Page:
A different sort of Easter: Christ in disguise?
On Easter Sunday, after reminding ourselves of Mass by watching our bishop’s live-stream from the Cathedral of St. Thomas More—and after eating a brunch made partly by my son, Peter, with whom we had swapped a home-made coffee cake for a home-made egg casserole by leaving things for each other on his doorstep—my wife and I decided to stop by our parish church before finding an open park where we could go for a walk.
Our church admits a continuous small number of people for ongoing Eucharistic adoration, but when we arrived it was at its limit, so after a relatively brief prayer from behind the last pew, we walked back to our car. On the way, we met a homeless woman who needed a ride to the city of Fairfax, about a half-hour’s drive to the east. She carried her belongings in two wheeled carts which we could easily stow in the trunk of the car.
The lady gave us each a plastic colored egg with some candy in it, and showed us some other things she had made by way of Easter crafts for children. On this friendly basis, we all clambered into our car and pointed it in the right direction. On the way through Manassas, she mentioned that she had not had much to eat lately, and asked if we could stop at McDonald’s to get her something. I missed the turn into Mickey D’s, pulling into the Wendy’s lot next door instead; but she preferred the Golden Arches, so we turned around and got her lunch from the drive-through.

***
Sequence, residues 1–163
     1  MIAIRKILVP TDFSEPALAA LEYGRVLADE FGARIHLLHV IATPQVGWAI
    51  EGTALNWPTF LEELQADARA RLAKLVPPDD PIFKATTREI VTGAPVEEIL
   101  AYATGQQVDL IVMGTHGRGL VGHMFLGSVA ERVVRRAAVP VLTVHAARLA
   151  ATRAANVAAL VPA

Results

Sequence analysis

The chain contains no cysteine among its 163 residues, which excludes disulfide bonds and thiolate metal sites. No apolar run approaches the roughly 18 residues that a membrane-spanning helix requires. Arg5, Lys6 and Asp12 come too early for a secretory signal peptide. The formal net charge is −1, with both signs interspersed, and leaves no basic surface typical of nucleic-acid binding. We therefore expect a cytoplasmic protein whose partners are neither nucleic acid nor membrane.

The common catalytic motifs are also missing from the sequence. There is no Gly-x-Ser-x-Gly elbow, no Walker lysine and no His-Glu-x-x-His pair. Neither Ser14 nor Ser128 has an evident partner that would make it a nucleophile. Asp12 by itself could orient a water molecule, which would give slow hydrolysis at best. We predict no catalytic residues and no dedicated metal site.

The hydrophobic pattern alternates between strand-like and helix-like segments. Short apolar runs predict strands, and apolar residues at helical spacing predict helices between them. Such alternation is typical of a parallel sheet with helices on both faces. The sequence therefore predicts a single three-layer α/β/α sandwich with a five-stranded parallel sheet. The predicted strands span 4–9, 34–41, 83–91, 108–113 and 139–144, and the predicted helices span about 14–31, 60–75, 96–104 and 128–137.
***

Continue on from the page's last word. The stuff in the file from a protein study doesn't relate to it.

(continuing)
A little later, entering the environs of Fairfax, she wondered aloud whether we would like to make a donation to help her pay for food and, hopefully, to help her to continue her craft work for kids. Of course we said we would be happy to do so, passing along what seemed appropriate as we unloaded her belongings at her destination. Then we said our goodbyes, though we did not embrace.
This unexpected detour completed, we drove back to a park which we hoped would be open, so we could take that lovely walk. But after winding through a number of back roads we found the entrance entirely blocked off. It may have been considered too dangerous to unleash a pack of wild citizens to infect each other on public land. Or, after all, perhaps it was thought better simply to keep park employees at home. In Virginia, we have found some parks open to reasonable numbers, and others closed, depending on the jurisdiction.
Clearly, life is not always a walk in the park.
But I tell you this: We had done very little, but we had no doubt that it was Easter.
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